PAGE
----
• Solar

    There are two main types of solar-powered electricity generation:

    • solar thermal (concentrating solar) energy systems – concentrate the sun’s energy, using heat used to produce steam to drive a turbine and generate electricity
    • solar photovoltaic (PV) energy systems – convert solar energy directly into electricity by producing an electric current when exposed to sunlight

    Resources in Western Australia

    Australia has the highest average solar radiation per square metre of any continent. Several areas of Western Australia are particularly prospective for solar development:

    • Gascoyne and Pilbara in the North West – some of the best solar resources in the nation with energy demand from mining and resource developments
    • Mid West – good solar resources and potential energy demand from mining developments. Parts of this region have access to the South West Interconnected System (SWIS), Western Australia’s main electricity network
    • Wheatbelt – large areas of clear flat land to accommodate solar equipment, with much of the region being connected to the SWIS

    Current use in Western Australia

    There is a substantial amount of small-scale solar PV system generation capacity installed in the State’s main electricity network, with over 200,000 Western Australian households having installed systems. Many of the isolated power systems in remote areas also use solar PV.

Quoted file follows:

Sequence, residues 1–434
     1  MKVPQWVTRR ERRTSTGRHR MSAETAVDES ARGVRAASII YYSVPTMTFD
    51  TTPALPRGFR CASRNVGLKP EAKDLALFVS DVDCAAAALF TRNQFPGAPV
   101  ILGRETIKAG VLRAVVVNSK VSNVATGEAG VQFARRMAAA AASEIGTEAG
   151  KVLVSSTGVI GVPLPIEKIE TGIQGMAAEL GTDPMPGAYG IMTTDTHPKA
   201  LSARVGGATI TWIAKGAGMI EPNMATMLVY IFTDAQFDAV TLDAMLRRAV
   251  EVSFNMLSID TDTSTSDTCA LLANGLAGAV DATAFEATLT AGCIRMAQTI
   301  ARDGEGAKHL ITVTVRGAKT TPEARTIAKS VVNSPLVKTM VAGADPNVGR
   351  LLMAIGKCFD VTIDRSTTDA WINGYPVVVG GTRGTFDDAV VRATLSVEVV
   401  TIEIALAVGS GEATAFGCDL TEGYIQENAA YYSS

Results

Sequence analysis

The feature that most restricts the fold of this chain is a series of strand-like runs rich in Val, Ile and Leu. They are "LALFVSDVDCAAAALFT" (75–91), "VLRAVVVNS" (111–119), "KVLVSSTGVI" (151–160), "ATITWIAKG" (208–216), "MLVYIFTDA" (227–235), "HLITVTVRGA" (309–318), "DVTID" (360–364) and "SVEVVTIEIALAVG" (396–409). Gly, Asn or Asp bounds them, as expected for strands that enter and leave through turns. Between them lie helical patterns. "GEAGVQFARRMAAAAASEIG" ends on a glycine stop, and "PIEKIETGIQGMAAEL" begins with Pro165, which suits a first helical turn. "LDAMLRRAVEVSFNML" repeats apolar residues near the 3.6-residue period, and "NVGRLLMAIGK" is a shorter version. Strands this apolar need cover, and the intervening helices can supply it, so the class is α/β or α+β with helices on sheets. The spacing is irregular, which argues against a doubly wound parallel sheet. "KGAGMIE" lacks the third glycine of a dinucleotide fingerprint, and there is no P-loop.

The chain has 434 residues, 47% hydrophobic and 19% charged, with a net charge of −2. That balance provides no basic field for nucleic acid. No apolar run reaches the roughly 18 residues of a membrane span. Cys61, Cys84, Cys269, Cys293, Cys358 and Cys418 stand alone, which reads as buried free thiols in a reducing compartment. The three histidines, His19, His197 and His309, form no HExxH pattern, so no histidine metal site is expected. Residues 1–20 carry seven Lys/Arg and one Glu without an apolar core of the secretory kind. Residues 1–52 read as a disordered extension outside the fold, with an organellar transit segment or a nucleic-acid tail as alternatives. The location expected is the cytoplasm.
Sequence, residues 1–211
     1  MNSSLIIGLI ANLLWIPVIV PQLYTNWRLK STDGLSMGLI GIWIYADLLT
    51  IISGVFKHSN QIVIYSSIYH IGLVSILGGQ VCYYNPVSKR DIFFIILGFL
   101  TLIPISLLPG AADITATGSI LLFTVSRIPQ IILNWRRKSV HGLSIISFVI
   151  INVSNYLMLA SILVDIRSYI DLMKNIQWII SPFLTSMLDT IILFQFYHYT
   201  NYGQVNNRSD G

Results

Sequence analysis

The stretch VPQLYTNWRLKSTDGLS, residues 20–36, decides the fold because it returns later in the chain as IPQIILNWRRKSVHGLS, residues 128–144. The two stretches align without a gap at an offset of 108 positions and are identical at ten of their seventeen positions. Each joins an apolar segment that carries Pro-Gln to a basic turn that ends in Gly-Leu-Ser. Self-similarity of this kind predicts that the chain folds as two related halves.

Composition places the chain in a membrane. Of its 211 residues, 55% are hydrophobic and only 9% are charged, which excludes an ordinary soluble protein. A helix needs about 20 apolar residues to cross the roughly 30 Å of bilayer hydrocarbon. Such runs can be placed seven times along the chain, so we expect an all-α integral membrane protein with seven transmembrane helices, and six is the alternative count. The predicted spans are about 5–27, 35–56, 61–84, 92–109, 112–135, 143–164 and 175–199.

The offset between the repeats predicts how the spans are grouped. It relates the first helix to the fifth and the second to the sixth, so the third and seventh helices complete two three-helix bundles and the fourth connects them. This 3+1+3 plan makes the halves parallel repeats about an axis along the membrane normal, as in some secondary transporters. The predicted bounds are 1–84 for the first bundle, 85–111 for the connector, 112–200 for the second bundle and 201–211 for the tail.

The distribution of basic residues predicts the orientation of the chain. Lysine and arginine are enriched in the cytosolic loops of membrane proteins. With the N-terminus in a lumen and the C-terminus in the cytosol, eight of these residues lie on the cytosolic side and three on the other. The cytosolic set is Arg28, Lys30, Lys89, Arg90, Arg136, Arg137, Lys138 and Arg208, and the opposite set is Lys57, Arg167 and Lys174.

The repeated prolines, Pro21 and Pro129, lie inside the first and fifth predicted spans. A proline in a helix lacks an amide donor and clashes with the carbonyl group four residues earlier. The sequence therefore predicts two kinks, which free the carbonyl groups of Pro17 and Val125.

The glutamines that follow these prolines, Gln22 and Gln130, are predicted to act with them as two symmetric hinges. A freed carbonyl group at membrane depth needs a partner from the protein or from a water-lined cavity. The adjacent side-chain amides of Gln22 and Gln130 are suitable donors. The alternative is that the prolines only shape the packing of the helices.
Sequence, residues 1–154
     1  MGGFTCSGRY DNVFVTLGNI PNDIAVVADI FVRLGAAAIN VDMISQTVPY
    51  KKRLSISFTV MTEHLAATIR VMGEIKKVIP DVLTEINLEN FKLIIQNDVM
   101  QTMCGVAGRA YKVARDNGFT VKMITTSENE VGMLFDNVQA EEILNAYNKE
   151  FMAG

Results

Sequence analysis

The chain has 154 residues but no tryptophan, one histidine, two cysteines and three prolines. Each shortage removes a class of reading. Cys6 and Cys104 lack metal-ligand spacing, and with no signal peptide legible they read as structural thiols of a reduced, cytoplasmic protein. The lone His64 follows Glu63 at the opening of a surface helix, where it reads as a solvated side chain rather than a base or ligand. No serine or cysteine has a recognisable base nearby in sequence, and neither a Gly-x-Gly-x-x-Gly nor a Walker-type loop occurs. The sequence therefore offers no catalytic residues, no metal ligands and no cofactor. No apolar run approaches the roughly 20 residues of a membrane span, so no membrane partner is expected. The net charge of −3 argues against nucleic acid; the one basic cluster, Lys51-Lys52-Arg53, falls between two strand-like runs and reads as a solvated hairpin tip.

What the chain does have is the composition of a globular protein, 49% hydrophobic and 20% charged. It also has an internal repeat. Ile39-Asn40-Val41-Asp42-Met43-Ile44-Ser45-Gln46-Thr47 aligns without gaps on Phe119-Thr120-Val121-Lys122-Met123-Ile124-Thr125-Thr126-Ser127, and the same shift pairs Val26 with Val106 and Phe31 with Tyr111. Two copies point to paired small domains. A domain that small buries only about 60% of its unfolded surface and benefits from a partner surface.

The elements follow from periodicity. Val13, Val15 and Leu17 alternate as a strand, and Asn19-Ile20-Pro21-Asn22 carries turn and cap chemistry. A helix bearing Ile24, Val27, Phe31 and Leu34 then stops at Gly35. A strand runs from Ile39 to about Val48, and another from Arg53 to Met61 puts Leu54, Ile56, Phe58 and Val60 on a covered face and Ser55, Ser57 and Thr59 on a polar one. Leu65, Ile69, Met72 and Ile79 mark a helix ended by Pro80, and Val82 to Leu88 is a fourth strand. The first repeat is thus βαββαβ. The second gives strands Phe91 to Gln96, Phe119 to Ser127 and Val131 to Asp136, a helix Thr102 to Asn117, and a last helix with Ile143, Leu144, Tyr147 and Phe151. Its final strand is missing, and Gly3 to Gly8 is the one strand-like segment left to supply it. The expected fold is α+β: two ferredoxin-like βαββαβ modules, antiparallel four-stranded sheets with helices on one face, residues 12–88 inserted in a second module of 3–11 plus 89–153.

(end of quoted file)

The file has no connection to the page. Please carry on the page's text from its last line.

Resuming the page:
Stand-alone hybrid systems (solar PV with back-up) have been widely installed at large station homesteads, remote Aboriginal communities, small mining operations and for telecommunications applications.
    In the Pilbara, Horizon Power commissioned hybrid (solar PV-diesel) generation facilities in Nullagine and Marble Bar. These projects were funded through the Commonwealth Government’s Renewable Remote Power Generation Program, now closed, which was administered by the Public Utilities Office.
    The Western Australian Government provided $20 million to Verve Energy to develop the 10-megawatt Greenough River Solar Farm in the Mid West. Construction was completed in July 2012, making it one of Australia’s largest solar PV generation projects.

    Future use in Western Australia

    Solar PV technology has improved over the past decade, driven by increased global demand for rooftop grid-connected systems and remote area power requirements. Efficiency has improved and system costs have decreased significantly.
    With rising costs of electricity, many households have invested in roof-top solar PV systems to provide some or all of their power needs and there is growing interest from the commercial sector.
    However, solar energy is an intermittent energy source as it is only available during the day-time and cannot guarantee supply at any given time. This creates the potential to pose challenges for integrating large amounts of solar-based generation into existing electricity networks without affecting the reliable operation of the system. The introduction of technology such as battery storage may help to address some of these problems.
    Last reviewed: 26 April 2017